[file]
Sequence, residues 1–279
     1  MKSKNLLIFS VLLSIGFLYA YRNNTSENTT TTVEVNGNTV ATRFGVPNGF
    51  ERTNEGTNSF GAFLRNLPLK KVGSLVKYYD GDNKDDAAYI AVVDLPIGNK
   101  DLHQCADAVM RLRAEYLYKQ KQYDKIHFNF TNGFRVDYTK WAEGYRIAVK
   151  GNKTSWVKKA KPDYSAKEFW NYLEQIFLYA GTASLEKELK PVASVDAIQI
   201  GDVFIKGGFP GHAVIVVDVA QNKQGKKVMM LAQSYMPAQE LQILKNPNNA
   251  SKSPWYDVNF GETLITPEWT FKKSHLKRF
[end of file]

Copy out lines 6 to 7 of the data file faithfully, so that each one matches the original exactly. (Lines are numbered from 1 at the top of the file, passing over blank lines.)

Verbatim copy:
   201  GDVFIKGGFP GHAVIVVDVA QNKQGKKVMM LAQSYMPAQE LQILKNPNNA
   251  SKSPWYDVNF GETLITPEWT FKKSHLKRF